China's continued rise, hegemonic ambitions and intruding footprint at the cost of American interests has already underlined a fearfully competitive and protectionist instinct that manifested in both the Obama and Trump tenures -- albeit, with more belligerent optics that matched Donald Trump's 'muscular' self-envisaging. Beyond Trump's bluster, the Chinese felt the first significant push back from the Obama regime's strategic shift 'Pivot to Asia' that unequivocally and unabashedly sought to contain the Chinese threat, though Obama maintained the decorum and pretences of diplomatic civility whilst pursuing it, unlike the show-biz rants accompanying Trump's trade wars.

Therefore, Donald Trump's unconvincing and dramaturgical campaign that an electoral victory for Joe Biden would tantamount to China 'winning' and to 'own America', was part of the simplistic narrative building. But Joe Biden was not found lacking in competitive rhetoric against China by calling Xi Jinping a 'thug' or promising to 'pressure, isolate and punish China', in his campaign spiel.

Truth is, beyond the veneer of political rhetoric, the die is already cast for Biden on China. More pertinently for India, with the backdrop of the emerging 'Quad' and the possible metamorphoses to 'Pivot to Asia 2.0' (given that Version 1.0 happened earlier with Obama-Biden duo), Biden's statement, 'The most effective way to meet that challenge is to build a united front of U.S. allies and partners to confront China', is freighted with consequences for India.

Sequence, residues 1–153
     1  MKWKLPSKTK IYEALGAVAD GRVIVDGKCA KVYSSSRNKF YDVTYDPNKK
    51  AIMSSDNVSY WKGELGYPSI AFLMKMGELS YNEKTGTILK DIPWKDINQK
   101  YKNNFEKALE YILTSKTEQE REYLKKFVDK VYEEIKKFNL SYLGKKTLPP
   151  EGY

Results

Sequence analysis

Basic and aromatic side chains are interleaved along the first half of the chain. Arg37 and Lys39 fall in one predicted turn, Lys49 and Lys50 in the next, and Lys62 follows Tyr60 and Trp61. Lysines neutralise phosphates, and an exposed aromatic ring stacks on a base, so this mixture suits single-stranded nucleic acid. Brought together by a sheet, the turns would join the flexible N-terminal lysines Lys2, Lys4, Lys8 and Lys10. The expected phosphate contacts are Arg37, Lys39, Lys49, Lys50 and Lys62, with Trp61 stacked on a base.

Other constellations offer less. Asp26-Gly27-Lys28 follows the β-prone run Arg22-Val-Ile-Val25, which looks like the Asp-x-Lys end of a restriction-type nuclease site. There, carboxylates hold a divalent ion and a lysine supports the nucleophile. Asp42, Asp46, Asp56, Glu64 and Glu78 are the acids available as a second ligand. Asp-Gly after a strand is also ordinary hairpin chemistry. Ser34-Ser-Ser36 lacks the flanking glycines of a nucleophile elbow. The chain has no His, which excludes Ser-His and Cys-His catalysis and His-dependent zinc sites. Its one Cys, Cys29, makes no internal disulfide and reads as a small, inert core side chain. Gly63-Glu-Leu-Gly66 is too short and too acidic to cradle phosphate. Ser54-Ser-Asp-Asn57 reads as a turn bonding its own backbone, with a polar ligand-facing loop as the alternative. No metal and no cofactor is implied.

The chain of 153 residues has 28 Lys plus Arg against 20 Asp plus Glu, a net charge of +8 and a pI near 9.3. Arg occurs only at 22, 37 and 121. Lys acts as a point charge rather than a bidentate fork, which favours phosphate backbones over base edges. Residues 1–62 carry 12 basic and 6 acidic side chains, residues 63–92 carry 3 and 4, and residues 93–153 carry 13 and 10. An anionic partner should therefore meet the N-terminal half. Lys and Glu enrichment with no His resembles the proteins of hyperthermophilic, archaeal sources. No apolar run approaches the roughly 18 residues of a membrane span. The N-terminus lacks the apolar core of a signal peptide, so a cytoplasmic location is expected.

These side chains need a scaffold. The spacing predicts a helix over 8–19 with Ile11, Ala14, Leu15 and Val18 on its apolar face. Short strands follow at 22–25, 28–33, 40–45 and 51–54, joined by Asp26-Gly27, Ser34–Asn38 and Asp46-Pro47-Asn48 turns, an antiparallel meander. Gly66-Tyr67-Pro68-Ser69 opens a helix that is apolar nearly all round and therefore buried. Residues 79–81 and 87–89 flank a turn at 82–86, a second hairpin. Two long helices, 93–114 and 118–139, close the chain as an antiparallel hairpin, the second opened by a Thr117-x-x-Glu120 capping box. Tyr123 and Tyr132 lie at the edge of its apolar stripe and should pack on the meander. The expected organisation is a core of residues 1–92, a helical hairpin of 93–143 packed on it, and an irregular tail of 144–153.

Indeed, the thunderous but hollow 'boom' of Trump's accusative language on China that resonates and excites cadres in the 'redneck' region of the United States or in the 'cow belt' of India may be missing hereinafter, but that does not change matters, substantially. Put simply, with the ensuing trade-wars, COVID sentiments, socio-economic inevitability and the incalculable sovereign pride at stake, Joe Biden simply cannot go-easy on China.